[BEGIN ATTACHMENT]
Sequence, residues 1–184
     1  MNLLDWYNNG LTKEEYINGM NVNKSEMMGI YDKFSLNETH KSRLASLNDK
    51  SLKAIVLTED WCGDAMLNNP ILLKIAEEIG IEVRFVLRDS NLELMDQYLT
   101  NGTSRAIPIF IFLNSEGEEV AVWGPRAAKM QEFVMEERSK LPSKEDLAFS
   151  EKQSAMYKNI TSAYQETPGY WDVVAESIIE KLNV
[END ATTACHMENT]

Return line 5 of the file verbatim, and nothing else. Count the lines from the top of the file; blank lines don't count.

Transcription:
   151  EKQSAMYKNI TSAYQETPGY WDVVAESIIE KLNV